Isaiah 18:1

Woe to the land shadowing with wings, which is beyond the rivers of Ethiopia:

Woe to the land shadowing with wings,.... Or, "O land", as calling to it; so Aben Ezra and Kimchi. It is very difficult to determine what land is here meant: some think the land of Assyria is here designed, as Aben Ezra and others, and so it is a continuation of the prophecy concerning the destruction of the Assyrians, in the three last verses of the preceding chapter Isaiah 17:12; the stretching out of whose wings is mentioned, Isaiah 8:8 and thought to be referred to here; others are of opinion that the land of Judea is intended, which trusted under the shadow of the wings of Egypt and Ethiopia, to whom the characters in the next verse Isaiah 18:2 are supposed to belong: but the more generally received sense is, that either Egypt or Ethiopia themselves are pointed at, described as "shadowing with wings"; not with the wings of birds, as Jarchi interprets it, which flocked thither in great numbers, the country being hot, and so shaded it with their wings; but rather with mountains, with which Ethiopia, at least some part of it, was encompassed and shaded; or else with ships, whose sails are like wings, and which resorting hither, in numerous fleets of them, and hovering about their coasts and ports, seemed to shadow them; to which agrees the Septuagint version, "Woe to the land, the wings of ships!" and so the Targum,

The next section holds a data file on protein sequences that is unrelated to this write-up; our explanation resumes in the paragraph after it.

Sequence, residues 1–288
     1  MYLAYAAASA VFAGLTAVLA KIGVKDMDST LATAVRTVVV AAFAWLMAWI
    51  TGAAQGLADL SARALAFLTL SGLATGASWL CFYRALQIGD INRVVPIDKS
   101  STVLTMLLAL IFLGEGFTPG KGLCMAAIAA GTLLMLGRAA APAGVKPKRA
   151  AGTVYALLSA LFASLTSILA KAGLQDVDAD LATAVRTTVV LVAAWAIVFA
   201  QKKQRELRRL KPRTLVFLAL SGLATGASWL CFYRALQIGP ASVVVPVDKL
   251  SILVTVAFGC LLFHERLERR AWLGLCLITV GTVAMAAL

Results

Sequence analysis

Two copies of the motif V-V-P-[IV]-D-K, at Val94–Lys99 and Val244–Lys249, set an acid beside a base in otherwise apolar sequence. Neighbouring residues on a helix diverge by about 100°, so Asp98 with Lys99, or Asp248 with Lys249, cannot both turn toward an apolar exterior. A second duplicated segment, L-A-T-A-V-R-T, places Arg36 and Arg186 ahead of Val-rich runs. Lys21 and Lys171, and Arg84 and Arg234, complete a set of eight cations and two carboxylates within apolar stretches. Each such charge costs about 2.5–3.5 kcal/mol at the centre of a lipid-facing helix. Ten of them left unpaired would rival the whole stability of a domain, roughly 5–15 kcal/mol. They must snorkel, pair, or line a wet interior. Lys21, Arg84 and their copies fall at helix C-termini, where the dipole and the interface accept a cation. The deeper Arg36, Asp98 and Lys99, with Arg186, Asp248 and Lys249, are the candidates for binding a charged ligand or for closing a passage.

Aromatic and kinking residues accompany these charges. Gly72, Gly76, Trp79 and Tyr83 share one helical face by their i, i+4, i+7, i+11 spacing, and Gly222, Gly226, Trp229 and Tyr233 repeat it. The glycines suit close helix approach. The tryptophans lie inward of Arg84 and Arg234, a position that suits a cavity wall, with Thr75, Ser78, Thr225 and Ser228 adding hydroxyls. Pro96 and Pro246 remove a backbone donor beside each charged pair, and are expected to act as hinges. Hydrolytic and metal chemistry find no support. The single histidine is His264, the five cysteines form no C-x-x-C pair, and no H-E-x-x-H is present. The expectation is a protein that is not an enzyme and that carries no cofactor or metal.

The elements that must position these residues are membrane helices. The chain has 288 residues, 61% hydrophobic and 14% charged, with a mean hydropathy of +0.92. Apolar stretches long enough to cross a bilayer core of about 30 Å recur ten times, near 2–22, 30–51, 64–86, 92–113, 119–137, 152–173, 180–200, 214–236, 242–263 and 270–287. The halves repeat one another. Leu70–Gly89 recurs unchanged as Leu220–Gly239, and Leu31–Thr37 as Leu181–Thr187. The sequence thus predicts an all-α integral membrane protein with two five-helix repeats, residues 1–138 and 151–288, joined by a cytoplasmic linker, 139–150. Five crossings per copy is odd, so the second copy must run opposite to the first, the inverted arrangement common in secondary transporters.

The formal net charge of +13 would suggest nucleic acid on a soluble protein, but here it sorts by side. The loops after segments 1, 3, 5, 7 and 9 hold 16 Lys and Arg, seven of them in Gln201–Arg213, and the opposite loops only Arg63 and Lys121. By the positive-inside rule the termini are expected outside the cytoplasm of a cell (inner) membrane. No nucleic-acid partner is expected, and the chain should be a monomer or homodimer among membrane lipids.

"Woe to the land to which they come in ships from a far country, whose sails are stretched out, as an eagle that flies with its wings;''

so Manasseh Ben Israel {c} renders them,

"Woe to the land, which, under the shadow of veils, falls beyond the rivers of Ethiopia.''

The word translated "shadowing" is used for a cymbal, 2 Samuel 6:5

Ps 150:5 and so it is rendered here in the Vulgate Latin version, "Woe to the land, with the cymbal of wings": and some think the "sistrum", is meant, which was a musical instrument used by the Egyptians in their worship of Isis; and which had wings to it, or had transverse rods in the middle of it, which looked like wings, one of which may be seen in Pignorius {d}; and so it describes the land of Egypt, famous for its winged cymbals. Minucius Felix {e} makes mention of the swallow along with the sistrum, which was a bird of Isis; and which some say was placed over the statue of Isis, with its wings stretched out.

which is beyond the rivers of Ethiopia; the principal of which were Astaboras and Astapus {f}, and also Nile itself, which came out of Ethiopia into Egypt: or, "which is on this side of the rivers of Ethiopia" {g}; and so may intend Egypt, which bordered on this side of it towards Judea; or, "which is beside the rivers of Ethiopia" {h}; and so may denote Ethiopia itself, situated by these rivers. The Targum renders it,

"the rivers of Judea.''

Some would have it, that the rivers of Arabia Chusaea are meant, which, lay between Judea and Egypt, as Besor, Rhinocorura, Trajan, and Corys; and Arabia seems rather to be meant by "Cush", than Ethiopia in Africa, since that lay beyond the rivers of Egypt, rather than Egypt beyond the rivers of Ethiopia.

{c} Spes Israelis, sect. 17. p. 57.
{d} Mensa Isiaca, p. 67.
{e} Octav. p. 21.
{f} Plin. Nat. Hist. l. 5. c. 9. Ptolem. Geograph. 1. 4. c. 8.
{g} vwk yrhnl rbem rva "quae est citra flumina Cuscheae", Vitringa. So some in Gataker.
{h} "Quae est secundum flumina Aethiopiae", Junius & Tremellius, Piscator.